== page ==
The “little man” has bumbled through the 20th century, but his female counterpart has not. The decline of gentility meant that women essayists no longer needed to worry quite so much about being decorous. As Victorian proprieties eroded, female essayists could be more unabashed. Virginia Woolf and Dorothy Parker wrote wickedly funny essays— though this activity did not allow them to escape all the restrictions on their gender in their societies. Parker, in particular, should be regarded as a 20th-century woman, not a 19th-century lady. Woolf was cleverer than most men, Parker was quicker, and both were funnier. Among contemporary female practitioners of the humorous essay, some, such as Nora Ephron, Molly Ivins, and Fran Lebowitz, find their subjects in the (still) masculine public sphere, while others, such as Jean Kerr, Shirley Jackson, Peg Bracken, and Erma Bombeck, focus on domestic life; but all feel free to be both clever and incisive.
Mark has been a nationally syndicated humor columnist for the and is currently a regular humor essay blogger for The Huffington Post. (Check out one of his columns .) His humor essays have also appeared in and magazines, among others. He contributes radio comedy sketches and original material to Premiere Radio Syndicate and to the Jack FM series of CBS Radio stations nationwide. Finally, Mark has contributed comedy material to Showtime, the Playboy Channel, America Online, Weekly World News, and to nationally syndicated cartoonists including Bizarro's Dan Piraro. He is currently developing an edgy new children's feature film called , and sincerely hopes for world peace, and for both Paris Hilton and Angelina Jolie to respect his restraining orders.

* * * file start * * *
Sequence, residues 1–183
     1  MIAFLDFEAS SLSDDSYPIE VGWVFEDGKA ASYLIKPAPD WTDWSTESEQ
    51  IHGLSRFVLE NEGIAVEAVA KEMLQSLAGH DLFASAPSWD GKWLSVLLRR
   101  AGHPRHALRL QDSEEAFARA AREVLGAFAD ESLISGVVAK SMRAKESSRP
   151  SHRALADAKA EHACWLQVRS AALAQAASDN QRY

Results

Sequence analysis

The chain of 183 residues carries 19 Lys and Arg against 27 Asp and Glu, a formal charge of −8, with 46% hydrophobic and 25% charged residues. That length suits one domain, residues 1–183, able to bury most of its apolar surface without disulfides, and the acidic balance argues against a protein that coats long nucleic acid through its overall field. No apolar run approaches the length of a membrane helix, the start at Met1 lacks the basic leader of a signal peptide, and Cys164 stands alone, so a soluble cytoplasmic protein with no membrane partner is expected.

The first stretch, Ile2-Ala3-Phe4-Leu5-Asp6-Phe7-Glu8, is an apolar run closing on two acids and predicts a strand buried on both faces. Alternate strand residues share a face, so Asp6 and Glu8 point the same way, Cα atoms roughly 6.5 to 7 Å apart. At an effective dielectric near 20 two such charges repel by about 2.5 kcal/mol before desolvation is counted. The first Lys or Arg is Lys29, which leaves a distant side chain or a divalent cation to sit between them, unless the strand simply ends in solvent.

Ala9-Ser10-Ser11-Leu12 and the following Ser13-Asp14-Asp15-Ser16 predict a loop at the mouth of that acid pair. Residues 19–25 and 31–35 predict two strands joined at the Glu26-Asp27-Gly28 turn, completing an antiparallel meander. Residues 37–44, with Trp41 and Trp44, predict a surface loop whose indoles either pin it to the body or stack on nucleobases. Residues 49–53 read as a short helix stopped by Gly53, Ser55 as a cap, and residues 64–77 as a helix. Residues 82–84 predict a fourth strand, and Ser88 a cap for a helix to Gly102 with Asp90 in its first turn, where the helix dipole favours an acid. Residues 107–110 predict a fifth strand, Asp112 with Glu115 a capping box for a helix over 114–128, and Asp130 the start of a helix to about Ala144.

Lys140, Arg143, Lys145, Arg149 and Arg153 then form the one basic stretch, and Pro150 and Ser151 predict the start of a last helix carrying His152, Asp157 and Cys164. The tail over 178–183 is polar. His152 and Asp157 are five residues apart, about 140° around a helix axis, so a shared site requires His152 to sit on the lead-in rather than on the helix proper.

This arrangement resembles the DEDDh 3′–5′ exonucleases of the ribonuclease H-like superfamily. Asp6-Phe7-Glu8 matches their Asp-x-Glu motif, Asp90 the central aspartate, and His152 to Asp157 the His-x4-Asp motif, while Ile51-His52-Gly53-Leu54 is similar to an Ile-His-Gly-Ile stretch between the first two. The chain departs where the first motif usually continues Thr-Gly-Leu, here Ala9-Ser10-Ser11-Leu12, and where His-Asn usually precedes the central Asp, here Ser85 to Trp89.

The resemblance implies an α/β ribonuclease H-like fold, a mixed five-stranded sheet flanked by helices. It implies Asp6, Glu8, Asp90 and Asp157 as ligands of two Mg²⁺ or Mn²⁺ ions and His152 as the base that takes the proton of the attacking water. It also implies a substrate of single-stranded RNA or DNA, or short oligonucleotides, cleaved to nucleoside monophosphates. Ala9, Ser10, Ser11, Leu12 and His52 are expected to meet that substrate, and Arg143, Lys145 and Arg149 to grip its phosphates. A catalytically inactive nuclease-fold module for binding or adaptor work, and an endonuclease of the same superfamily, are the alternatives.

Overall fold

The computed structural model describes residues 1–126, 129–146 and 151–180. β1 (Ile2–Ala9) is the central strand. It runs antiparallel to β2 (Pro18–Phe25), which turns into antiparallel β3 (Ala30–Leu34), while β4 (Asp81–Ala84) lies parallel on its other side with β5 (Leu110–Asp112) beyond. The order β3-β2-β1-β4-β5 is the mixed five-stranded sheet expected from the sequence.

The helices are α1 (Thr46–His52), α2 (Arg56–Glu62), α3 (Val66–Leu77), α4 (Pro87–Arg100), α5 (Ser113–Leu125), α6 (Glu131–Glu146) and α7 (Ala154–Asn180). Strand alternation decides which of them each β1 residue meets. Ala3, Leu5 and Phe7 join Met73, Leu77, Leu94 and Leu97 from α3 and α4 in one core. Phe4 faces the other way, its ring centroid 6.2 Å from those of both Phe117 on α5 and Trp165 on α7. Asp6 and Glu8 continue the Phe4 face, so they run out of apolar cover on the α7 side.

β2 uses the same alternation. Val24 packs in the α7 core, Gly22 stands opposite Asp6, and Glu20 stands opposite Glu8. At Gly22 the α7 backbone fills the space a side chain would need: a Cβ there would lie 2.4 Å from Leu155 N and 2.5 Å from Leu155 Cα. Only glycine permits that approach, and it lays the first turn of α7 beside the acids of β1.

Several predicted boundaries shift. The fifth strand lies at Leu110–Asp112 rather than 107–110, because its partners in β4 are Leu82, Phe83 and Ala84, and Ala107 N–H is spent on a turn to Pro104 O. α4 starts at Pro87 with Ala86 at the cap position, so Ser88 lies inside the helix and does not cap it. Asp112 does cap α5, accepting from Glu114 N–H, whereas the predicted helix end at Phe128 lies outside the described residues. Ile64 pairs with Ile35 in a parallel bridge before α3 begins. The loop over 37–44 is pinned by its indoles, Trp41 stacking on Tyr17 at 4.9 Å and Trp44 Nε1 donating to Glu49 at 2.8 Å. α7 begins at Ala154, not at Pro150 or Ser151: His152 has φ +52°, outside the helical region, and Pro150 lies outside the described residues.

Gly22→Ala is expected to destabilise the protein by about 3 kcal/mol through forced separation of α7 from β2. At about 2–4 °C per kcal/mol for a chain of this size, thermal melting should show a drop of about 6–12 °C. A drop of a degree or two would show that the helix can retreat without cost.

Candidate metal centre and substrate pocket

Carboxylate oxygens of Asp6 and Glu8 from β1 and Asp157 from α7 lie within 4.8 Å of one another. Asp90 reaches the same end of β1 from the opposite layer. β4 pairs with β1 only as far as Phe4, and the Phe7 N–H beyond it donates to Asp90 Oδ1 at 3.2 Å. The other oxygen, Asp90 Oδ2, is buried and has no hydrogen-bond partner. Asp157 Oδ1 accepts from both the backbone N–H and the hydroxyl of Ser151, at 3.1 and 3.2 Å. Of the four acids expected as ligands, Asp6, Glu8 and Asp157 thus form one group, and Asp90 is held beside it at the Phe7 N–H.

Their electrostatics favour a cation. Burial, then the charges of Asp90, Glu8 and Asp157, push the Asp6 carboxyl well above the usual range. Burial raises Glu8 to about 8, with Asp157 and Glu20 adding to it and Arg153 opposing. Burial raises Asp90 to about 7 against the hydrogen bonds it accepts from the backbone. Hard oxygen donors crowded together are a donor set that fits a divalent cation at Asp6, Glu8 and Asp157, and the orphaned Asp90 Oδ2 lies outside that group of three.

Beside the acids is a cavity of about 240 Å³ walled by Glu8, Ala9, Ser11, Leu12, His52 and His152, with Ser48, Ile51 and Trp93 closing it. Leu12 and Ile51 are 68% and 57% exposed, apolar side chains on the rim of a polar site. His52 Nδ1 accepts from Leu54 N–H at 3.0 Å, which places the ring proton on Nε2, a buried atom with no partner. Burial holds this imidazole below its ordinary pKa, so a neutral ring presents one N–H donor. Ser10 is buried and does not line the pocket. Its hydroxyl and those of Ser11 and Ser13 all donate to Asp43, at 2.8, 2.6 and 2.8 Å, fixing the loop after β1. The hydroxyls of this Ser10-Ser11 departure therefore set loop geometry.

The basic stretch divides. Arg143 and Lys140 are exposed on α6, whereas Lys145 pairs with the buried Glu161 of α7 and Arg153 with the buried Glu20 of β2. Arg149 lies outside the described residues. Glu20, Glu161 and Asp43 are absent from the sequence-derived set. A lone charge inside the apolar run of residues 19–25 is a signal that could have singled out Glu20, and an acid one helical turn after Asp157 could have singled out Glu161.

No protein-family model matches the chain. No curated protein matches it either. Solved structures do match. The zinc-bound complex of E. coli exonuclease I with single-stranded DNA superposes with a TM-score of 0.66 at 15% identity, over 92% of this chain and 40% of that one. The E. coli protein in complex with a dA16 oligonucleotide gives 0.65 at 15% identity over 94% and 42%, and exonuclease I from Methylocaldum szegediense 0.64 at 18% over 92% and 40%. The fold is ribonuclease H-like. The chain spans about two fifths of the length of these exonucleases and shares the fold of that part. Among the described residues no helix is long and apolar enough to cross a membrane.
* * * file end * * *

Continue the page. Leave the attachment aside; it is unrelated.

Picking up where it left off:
Three Quick Tips for Composing a Humorous Essay "1
But 500 Dates is about much more than dating. Its humor essays also cover romance, relationships, breakups, attraction, the nature of love, and how both men and women view the art, science, expectations, and reality of courtship and turning courtship into something deeper and longer lasting in the twenty-first century. Throughout these essays, a portion of which were previously published in various media, Miller provides a sense of hope about one’s romantic prospects. Readers will find that the end of a marriage, even a long-term one, does not mean the end of romance—or one’s sense of humor.